When it comes to the Texas Rangers‘ farm system, the narrative seems to revolve more around quantity rather than quality in terms of prospects.
That’s not to say that the organization lacks top-end talent, they’ve got some real studs like Josh Jung, Cole Winn and 2021 draftee Jack Leiter, as well as less heralded prospects like Justin Foscue, Sam Huff, Luisangel Acuna and even the new guys like Ezequiel Duran, Josh Smith and Trevor Hauver from the Joey Gallo trade.
However, the consensus still appears to be that the Texas Rangers still lack “star power” at the highest levels of their minor league pipeline. And while that may be right (for now) it’s really the depth of this farm system (the aforementioned ‘quantity’) that will shine through for the team and allow them to protect and develop their stars in the making.
Take Andy Ibanez, Curtis Terry, Joe Barlow and more recently, Yonny Hernandez, for example. Aside from Terry, who vaulted into the organizational top-30 prospect list this season, none of those names, or the raking Yohel Pozo down in AAA Round Rock, were names that even came up on most fans’ or analysts’ radar.
The depth of the Texas Rangers’ farm system is really standing out this season
And yet that didn’t take away from all of those guys having terrific minor league campaigns in 2021 to emerge as pieces that can help the big league club, as they’re doing now.
Players like Ibanez, Terry, Barlow and Hernandez may not necessarily be viewed as building blocks, but they’re exciting, relatively young talents that can fill holes right now and even going into 2022, when the team will still be rebuilding.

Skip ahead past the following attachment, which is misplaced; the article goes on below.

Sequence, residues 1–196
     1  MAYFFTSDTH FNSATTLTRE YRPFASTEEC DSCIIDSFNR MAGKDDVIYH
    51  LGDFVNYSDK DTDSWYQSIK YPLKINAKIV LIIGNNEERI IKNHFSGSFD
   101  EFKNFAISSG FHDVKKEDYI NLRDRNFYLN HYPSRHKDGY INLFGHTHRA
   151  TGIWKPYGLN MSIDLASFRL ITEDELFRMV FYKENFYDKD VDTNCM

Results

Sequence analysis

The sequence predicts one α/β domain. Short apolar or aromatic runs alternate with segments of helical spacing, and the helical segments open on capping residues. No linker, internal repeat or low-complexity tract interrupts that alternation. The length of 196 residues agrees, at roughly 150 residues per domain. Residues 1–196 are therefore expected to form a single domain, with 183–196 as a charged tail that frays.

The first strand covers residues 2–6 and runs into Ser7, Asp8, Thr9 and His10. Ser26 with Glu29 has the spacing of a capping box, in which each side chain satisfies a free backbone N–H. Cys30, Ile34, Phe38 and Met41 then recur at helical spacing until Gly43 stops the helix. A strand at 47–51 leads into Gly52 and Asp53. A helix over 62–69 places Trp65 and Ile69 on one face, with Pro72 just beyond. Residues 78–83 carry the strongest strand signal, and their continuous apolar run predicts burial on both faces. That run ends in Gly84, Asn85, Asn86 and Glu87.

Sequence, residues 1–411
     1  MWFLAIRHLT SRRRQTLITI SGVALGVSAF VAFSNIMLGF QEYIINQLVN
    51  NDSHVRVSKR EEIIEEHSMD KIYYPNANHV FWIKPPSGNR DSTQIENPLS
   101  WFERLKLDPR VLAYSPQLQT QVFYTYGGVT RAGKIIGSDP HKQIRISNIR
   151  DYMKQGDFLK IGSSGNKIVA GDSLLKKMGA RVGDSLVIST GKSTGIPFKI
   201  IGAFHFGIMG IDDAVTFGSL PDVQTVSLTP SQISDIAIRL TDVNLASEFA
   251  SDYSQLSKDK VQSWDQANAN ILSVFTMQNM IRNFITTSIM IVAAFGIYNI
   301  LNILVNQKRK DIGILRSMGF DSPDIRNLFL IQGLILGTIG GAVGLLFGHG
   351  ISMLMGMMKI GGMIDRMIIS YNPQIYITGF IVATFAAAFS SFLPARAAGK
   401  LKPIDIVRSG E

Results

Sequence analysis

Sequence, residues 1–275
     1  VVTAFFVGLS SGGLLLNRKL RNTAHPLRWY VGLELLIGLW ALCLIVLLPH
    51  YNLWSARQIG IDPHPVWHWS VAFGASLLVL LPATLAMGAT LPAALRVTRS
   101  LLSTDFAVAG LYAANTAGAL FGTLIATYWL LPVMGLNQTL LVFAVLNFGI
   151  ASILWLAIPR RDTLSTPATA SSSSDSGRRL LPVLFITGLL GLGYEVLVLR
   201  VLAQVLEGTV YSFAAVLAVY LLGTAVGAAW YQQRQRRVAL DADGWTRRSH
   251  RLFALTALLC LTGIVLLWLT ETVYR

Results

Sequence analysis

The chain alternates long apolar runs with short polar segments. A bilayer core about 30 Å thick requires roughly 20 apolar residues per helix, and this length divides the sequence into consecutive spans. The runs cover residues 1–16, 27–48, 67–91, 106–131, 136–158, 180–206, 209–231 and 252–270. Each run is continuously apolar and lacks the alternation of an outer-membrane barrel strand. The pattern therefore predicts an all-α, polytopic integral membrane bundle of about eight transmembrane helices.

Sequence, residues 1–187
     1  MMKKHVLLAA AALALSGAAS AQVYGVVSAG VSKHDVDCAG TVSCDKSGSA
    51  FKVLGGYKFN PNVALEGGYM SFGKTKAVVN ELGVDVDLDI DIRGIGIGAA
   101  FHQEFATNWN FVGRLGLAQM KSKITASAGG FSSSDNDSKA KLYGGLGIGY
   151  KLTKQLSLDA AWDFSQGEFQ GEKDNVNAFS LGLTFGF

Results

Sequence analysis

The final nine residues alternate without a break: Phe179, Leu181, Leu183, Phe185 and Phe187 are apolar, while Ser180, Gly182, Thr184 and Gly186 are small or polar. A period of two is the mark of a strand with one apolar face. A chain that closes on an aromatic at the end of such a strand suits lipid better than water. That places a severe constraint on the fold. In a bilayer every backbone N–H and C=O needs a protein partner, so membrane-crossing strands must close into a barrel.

It’s all about giving these types of guys opportunities to prove themselves, because otherwise the 2021 season loses much of its meaning for the Texas Rangers.
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One could argue that calling up some of the big name prospects this season would add some meaning to this rebuilding campaign, along the theme of “see what they’re made of”. Truthfully, though, these reps from Ibanez, Terry and others are just as meaningful, and certainly more so than giving those reps to Brock Holt or Charlie Culberson.
Having these players emerge and become big league contributors eliminates the need to rush the star prospects up. Why yank a Cole Winn or Josh Jung from the minor leagues when they could be developed a little bit longer thanks to Ibanez, Terry, Barlow and Hernandez?
At the very least, this depth will serve the Texas Rangers’ top prospects well down the line, ensuring that their service time clocks begin when they’re ready, not when the team feels it has a need to fill.
And who knows, maybe one or a few of these depth pieces could turn into solid MLB players for years to come.